Sequencing the mouse and human genomes has provided scientists detailed knowledge of both species' genetic composition, and highlighted their startling similarity.
Together with ever more sophisticated methods to manipulate the mouse genome, this has established the mouse as the premier organism for developing models of human disease and drug action. As human genetic medicine has taken off, the demand for mouse models of various genetic diseases has been equally growing.
SOURCE: The European Commission Research and Innovation Information Centre
One of the most widely used methods of inducing genetic changes in mice is called the Cre-lox system. This process is favoured as it allows DNA modification to be targeted to a specific cell type or to be triggered by an external stimulus. The approach has benefited from large national projects to systematically create many mutant lines of Cre-lox mice for provision to researchers. Those projects are presently underway in many countries, but before 2008 their data rarely transcended national borders. Data silos are problematic for any scientific research, especially in this case, as research on mutant mice requires standardisation. For results to be comparable, the mice must be as identical as possible to one another.
Thus the European Union (EU)-funded CREATE project (Coordination of resources for conditional expression of mutated mouse alleles) was initiated to address this problem. The project brought together partners from four European countries plus the United States and Canada.
CREATE was designed to address a trifold problem: inaccessibility of existing mutant mouse strains, the strains' incomplete characterisation, and gaps in the present array of mouse strains available. These factors were predicted to pose a significant roadblock to future development of mutant mouse models if they were not addressed.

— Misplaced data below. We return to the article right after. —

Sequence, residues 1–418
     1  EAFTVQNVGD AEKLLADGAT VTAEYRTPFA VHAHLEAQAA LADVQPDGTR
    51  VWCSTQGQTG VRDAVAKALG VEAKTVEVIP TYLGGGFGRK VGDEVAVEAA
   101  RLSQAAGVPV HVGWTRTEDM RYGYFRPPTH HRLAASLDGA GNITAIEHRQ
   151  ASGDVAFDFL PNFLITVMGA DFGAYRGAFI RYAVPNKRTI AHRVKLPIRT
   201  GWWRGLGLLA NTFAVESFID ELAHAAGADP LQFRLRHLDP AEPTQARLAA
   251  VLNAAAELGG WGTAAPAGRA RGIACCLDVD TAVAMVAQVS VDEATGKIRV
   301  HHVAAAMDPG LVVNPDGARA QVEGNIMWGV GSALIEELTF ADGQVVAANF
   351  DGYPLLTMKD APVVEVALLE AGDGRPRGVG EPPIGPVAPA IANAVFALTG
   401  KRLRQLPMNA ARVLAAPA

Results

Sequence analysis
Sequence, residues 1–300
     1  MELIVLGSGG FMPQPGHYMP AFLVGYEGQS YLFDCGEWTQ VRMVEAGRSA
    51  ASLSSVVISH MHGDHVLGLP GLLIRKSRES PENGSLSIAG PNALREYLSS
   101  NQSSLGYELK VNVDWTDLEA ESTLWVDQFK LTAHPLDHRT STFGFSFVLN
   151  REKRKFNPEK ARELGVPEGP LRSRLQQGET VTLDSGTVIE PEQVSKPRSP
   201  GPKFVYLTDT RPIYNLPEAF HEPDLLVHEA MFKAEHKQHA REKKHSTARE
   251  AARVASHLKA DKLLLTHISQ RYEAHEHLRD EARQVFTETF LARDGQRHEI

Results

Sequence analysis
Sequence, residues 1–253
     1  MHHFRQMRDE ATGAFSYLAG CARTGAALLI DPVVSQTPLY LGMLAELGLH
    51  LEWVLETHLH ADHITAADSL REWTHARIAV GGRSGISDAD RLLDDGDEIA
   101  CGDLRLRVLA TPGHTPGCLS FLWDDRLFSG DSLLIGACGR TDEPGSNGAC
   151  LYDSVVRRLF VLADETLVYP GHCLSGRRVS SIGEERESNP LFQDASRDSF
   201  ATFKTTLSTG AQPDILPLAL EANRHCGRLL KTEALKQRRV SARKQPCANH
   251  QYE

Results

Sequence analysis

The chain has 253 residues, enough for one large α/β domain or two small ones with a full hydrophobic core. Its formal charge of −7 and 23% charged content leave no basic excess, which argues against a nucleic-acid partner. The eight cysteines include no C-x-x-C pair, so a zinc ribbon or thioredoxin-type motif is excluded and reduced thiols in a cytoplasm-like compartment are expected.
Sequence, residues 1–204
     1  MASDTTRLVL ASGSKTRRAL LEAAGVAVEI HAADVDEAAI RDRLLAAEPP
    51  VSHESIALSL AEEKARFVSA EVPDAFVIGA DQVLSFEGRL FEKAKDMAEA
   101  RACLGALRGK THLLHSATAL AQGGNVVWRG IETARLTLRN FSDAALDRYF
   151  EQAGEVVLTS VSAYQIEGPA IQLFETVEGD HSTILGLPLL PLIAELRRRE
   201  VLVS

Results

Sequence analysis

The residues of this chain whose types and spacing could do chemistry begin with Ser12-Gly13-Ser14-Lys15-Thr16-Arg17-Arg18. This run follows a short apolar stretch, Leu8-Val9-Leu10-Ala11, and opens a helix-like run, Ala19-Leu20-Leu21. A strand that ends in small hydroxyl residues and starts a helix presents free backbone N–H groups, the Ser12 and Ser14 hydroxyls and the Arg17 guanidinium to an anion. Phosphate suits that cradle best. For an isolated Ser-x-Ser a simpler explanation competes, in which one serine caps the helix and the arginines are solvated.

The project addressed these needs by creating a web portal for partner organisations to share their data (www.creline.org). The site served to pass data not only of existing mouse lines but also proposed lines, so that researchers did not duplicate efforts or could compare outcomes. Mouse embryos themselves were also shared.
"Often these organisations are competitive with each other," says Nadia Rosenthal, the project coordinator. "So it took a certain amount of altruism to release work in progress to the consortium. Building up that trust among such a large consortium was a first," adds Rosenthal.
The consortium maintains contact even though the project has ended, and the website is the most thorough database of Cre-modified mice anywhere in the world.
Building on that work, the current EU-funded EUCOMMTOOLS project is actually creating new strains of mice that were identified as high priority by the CREATE project. Surveys through creline.org are helping EUCOMMTOOLS researchers identify the needs of researchers around the world as well as setting benchmarks for the various tests that are performed on mutant mice, to make sure standards are as uniform as possible around the globe.
These data-sharing processes ultimately make science more efficient and will help researchers get quicker access to the mouse models they need to make progress on curing human diseases.